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Why is the "bridge" important to Layer 2?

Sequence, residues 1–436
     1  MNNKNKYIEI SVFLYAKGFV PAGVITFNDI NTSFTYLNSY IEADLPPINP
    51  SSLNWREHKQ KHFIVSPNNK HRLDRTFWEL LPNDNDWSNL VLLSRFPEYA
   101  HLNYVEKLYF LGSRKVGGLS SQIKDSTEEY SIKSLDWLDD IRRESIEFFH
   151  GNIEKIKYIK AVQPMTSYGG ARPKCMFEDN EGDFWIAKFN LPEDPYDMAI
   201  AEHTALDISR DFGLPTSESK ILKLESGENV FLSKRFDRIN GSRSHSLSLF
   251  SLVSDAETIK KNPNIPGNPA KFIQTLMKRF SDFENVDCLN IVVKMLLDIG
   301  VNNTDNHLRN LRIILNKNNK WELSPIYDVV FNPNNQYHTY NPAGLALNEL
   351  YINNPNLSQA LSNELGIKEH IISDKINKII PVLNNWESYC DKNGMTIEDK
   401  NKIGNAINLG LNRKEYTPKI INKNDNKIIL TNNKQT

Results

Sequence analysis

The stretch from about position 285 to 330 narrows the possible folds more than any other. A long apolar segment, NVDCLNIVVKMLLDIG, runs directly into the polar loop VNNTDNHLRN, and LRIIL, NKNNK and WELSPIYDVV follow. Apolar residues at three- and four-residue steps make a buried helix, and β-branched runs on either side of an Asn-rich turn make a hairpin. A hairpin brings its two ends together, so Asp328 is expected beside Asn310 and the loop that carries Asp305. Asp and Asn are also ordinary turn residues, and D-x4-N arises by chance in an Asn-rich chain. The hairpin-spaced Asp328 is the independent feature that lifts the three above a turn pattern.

"Bridge", determines what is Layer 2. From a community perspective, we are very excited about the off-chain protocol as a way to scale the blockchain network, because it will move most transactions from the layer 1 blockchain to the off-chain system. This avoids network fees and latency issues on the L1 blockchain. I want to use this article to discuss some basic knowledge about off-chain protocols, so that everyone can better understand the relationship between the current "bridges" and the Layer 2 (L2) technology connected by these bridges. Before answering this question, we should talk about the "bridge", an often overlooked but fundamental component that is critical to assessing the security of funds: the bridge is responsible for keeping assets on the L1 blockchain, and the same assets then publish on another (mainly external) service. The bridge defines who holds custody of the funds, and the conditions that must be met before the assets can be unlocked. In short, bridges are used whenever an L1 blockchain like Ethereum connects to any other system. All bridges have a similar action: deposit assets. Users can deposit assets to the bridge, and the bridge will give proofs that represent this asset in other systems; update account balances. Information about the new account balance will inform the bridge, which can be used to facilitate the withdrawal process. Asset withdrawal. Users can withdraw assets from the bridge by virtue of their balances in other systems and issued tokens burned in other systems. The market value of USDC has shrunk by more than 3 billion US dollars in the past 30 days: According to news on August 25, according to data from CoinGecko, the market value of the US dollar stablecoin USDC has shrunk by more than 3 billion US dollars in the past 30 days. The market value of USDC remained in the range of 55 billion US dollars at the end of July. At the peak, it exceeded 55.2 billion US dollars, but it has now fallen to the range of 52 billion US dollars. [2022/8/25 12:47:22] The most common bridge (used by people without realizing it) is a single-organization: most cryptocurrency exchanges (probably all) provide a single-organization bridging service if we Considering only the bridge and nothing else, it can be said that a centralized cryptocurrency exchange is an off-chain protocol. Users can lock funds into the services of the centralized exchange, bypass network fees and delays when making transactions, and eventually withdraw their funds back to the L1 blockchain. In addition to this single-organization bridge, there are two other bridges that rely on a group of custodians: multi-organization bridges. A fixed number of independent individuals (K out of N representatives) hold locked funds. The bridge of the encrypted economy. A dynamic number of individuals keep locked assets, and the specific amount is determined by their asset weight. Chengdu Lianan: The project was attacked, at least 5,946 BUSD and 5964 USDT were lost: According to the news on June 21, according to the security public opinion monitoring data of Chengdu Lianan's "Chain Bing-Blockchain Security Situational Awareness Platform", The project was attacked, and Chengdu Lianan technical team analyzed and found that the reason may be due to a problem with the K value verification of the Pair contract. Whenever the user is exchanging, there is a problem with the magnitude of the parameter passed in the K value verification, which causes the K value verification to fail. The attacker first borrowed a BSC-USD through a flash loan, and then when returning the flash loan, the K value verification parameter has an order of magnitude of 10000^4. However, the parameter verification magnitude used in the K value verification is 10000^2, which leads to the invalidation of the K verification. [2022/6/21 4:41:57] An important insight is that none of the above three bridges on the L1 blockchain can verify that the account balance from another system is correct (or, if in another system liabilities exceed the assets in the bridge). Then, a group of custodians will determine whether all withdrawal requests are processed against the assets in another system, and they ultimately decide whether the funds can be unlocked and who should receive them. In the above discussion, we mainly considered the adoption of custodial service bridges such as cryptocurrency exchanges. An increasingly popular use case for bridges is to connect one blockchain to another (which, by the way, is where the term "sidechain" originated). CCTV helps the Winter Olympics to distribute "Digital Snowflakes" in limited quantities: Jinse Finance reported that CCTV is specially preparing for the immersive interactive project "Digital Snowflakes". Let hundreds of millions of people all over the world have the opportunity to create their own digital snowflake identity and help the Winter Olympics together. "Digital Snowflakes" are issued in limited quantities from time to time. You can automatically get the exclusive digital snowflake identity by logging in with CCTV authorization. After receiving the digital snowflake, the user can get the CCTV digital snowflake identity certificate. [2022/1/6 8:29:10] The security of side chains and bridges is independent of any blockchain network and there are multiple examples of bridges: WBTC: a bridge with a single organizational form, connecting BTC assets to the Ethereum network . Liquid Network or RSK: A multi-organizational bridge, multi-party consortium with Hardware Security Modules (HSMs) to lock/unlock funds in BTC assets to another blockchain. Polygon bridge: a bridge of encrypted economic form, in which 2/3 + 1 of the locked assets in the bridge regularly reach an agreement on the account balance of all users in Polygon, and users can use this agreement to withdraw funds on Ethereum (actually, Polygon Ultimately it will be governed by small multi-signature contracts, but this example focuses on long-term goals). HyperDAO applied to become the governance representative of ENS DAO: According to official news, HyperDAO (HDAO for short) applied to become the governance representative of the Ethereum Domain Name System ENS decentralized autonomous organization DAO. The HDAO expressed agreement that name ownership is an absolute right, that registration fees exist as an incentive mechanism, that ENS revenue funds be used for other public goods, and that ENS integrate a global naming system. As a cryptocurrency start-up company, HDAO has been exploring the possibility of DAO governance, and believes that the biggest obstacle to Internet Web 3.0 is the lack of UX. At the same time, HDAO is also an early adopter of DAO governance, and believes that DAO is the future trend. [2021/11/9 6:41:47]Rainbow bridge: a bridge of encrypted economic form, the bridge contract is a light client, which can verify the progress of other blockchains. It does not check the validity of the other blockchain, and the security of funds ultimately depends on the continued development of the other blockchain (secured through cryptoeconomics). Crucially, each bridge has its own security model and is not tied to any blockchain network. We can take a simple case of WBTC to further elaborate: BitGo Trust hosts the funds locked in the Bitcoin blockchain, and they are responsible for issuing the same amount of WBTC on Ethereum. Smart contracts on Ethereum track account balances for all transfers of WBTC. BitGo is the trustworthy party, managing the account balance recorded in the smart contract. KeeperDAO will use $3.5 million in treasury funds to generate income through the DeFi lending platform Maple Finance: Official news, KeeperDAO passed the KIP-6 proposal and will use $3.5 million in treasury funds to generate income through the DeFi lending platform Maple Finance. Maple Finance is an institutional capital market that provides borrowers with on-chain financing and lenders with a sustainable source of income through a diversified pool of encrypted high-quality institutions. KeeperDAO will participate in a pool managed by Maven 11 Capital, receiving benefits in USDC and MPL tokens. [2021/11/12 21:47:03] There are several aspects to consider in the WBTC example: Single Custodian. WBTC's bridge relies on a single custodian to guarantee its integrity. They could theoretically issue more WBTC on Ethereum than locked in Bitcoin, and they could decide not to honor the withdrawal of WBTC into BTC. Standalone security model. Ethereum has its own security model that is independent of the Bitcoin blockchain. The bridge has its own security model, which is independent of the two blockchain networks mentioned above. Ethereum is a sidechain. Compared to the Bitcoin blockchain, transactions have been moved off-chain, from the Bitcoin blockchain to Ethereum. What all three bridges mentioned above have in common is that they do not check the integrity of sidechain information, and there is no self-enforcing contingency plan to protect funds if the custodian (or sidechain) goes offline. They are only subject to their own security model, not the security mechanisms in the L1 blockchain where the bridge resides. L2 scalability aims to move transaction throughput from an L1 blockchain to another off-chain system, requiring bridges to hold assets issued on other systems. However, unlike all the other bridge types explored in this article, the L2 protocol strives to secure funds with the same security mechanisms as the L2 blockchain, and it cannot rely on a set of custodians (or other off-chain systems) to secure funds. It requires a new type of bridge: the L2 bridge. The L1 blockchain has custody of the funds, and the bridge must trust that the message integrity of the L2 protocol will not be compromised. In the worst case, the bridge will automatically increase the liveness of the L2 protocol until all funds can be withdrawn. The L2 bridge is the most powerful of all bridges, it does not rely on a set of custodians to secure funds. Instead, the bridge must be convinced that all is well with the off-chain system before funds are released. If for some reason, the bridge is convinced that the off-chain system is compromised, the net just needs to bypass another network entirely. There are several companies focused on building L2 bridges, and naturally building entirely new blockchain networks. This is why the L2 protocol is so exciting, and it took the teams mentioned above a few years to come up with a solution. The first competitors using L2 protocols in the market are mainly focused on how to implement a secure L2 bridge (and not necessarily deploy other blockchain networks). This is a good opportunity to further explore technical issues and definitions. We make it clear: it must be ensured that the bridge does not break the L2 protocol, and the breach of L2 data integrity can be broken down into four issues: Data availability. How can the bridge be confident that all data of another blockchain network is publicly available so that users can independently recompute the L2 database? Integrity of state changes. How do we convince the bridge that all state transitions of the L2 network are well-formed and valid? Integrity of withdrawals. If the L2 network is compromised, how does the bridge guarantee that all honest users' funds can be withdrawn? Protocol liveness. How does the bridge guarantee that transactions can still be executed when the L2 protocol stops or goes offline? Of course, the above problems must be resolved, and at the same time, the bridge contract has significantly less computing resources than the off-chain system, so the bridge cannot re-execute all transactions in real time. Otherwise, it's not a scalable solution. Solving the above issues can lead us down the rabbit hole. This includes on-chain challenges, fraud proofs, validity proofs, posting transaction data to L1 blockchains (rollups) and on-chain worlds. Although our article does not highlight various solutions, we emphasize that all solutions are not the same. Some upcoming L2 protocols will not be able to meet the above security goals. They cannot be called L2 protocols due to the lack of L2 bridges. As in the case explored in this article, there are four types of bridges that allow funds to be locked in a blockchain while the same asset is represented in another off-chain system (and possibly another blockchain). Managed bridge. The first three types of bridges mentioned above focus on which set of custodians control locked funds. The role of the custodian is to verify that the off-chain system is correct before allowing any assets to be withdrawn from the bridge. The assumption is that the integrity of the off-chain system is a client-side issue, and the custodian has enough computing resources to handle it. While there is work to alleviate the role of custodians and introduce cryptoeconomic incentives to encourage custodians to follow the protocol, the bridging protocol cannot fully constrain custodians. There have been several incidents of bridges losing user funds (e.g. Mt. Gox), and this is because the integrity of such bridges ultimately depends on trust in people. L2 bridge. L2 bridges replace the role of custodians, who hold funds and check the integrity of off-chain systems. The core of the problem is that such a bridging system must be confident that the off-chain system cannot be compromised, and it lacks the computing resources to independently check each transaction (otherwise it is not a scalable solution). Aside from the high level of technical challenges it entails, it doesn't come for free. There is an ongoing financial cost to convincing the L1 blockchain that the off-chain system is indeed well-structured and that its integrity has not been compromised in the slightest. Ultimately, however, it will be the bridge that will keep custody of the funds, not the off-chain system operator. Overall, the jury is still out on whether users really care about L2 bridges and whether we should extend Ethereum's security model to off-chain systems. As with all things in life, I suspect all four types of bridges are here to stay, as they are all integral to scaling among users. My only request is this: You (the user) take a careful look at the type of bridge your favorite protocol uses. Important: Get a better understanding of how your money stays safe from the bad guys. Thanks Hasu and Chris Buckland .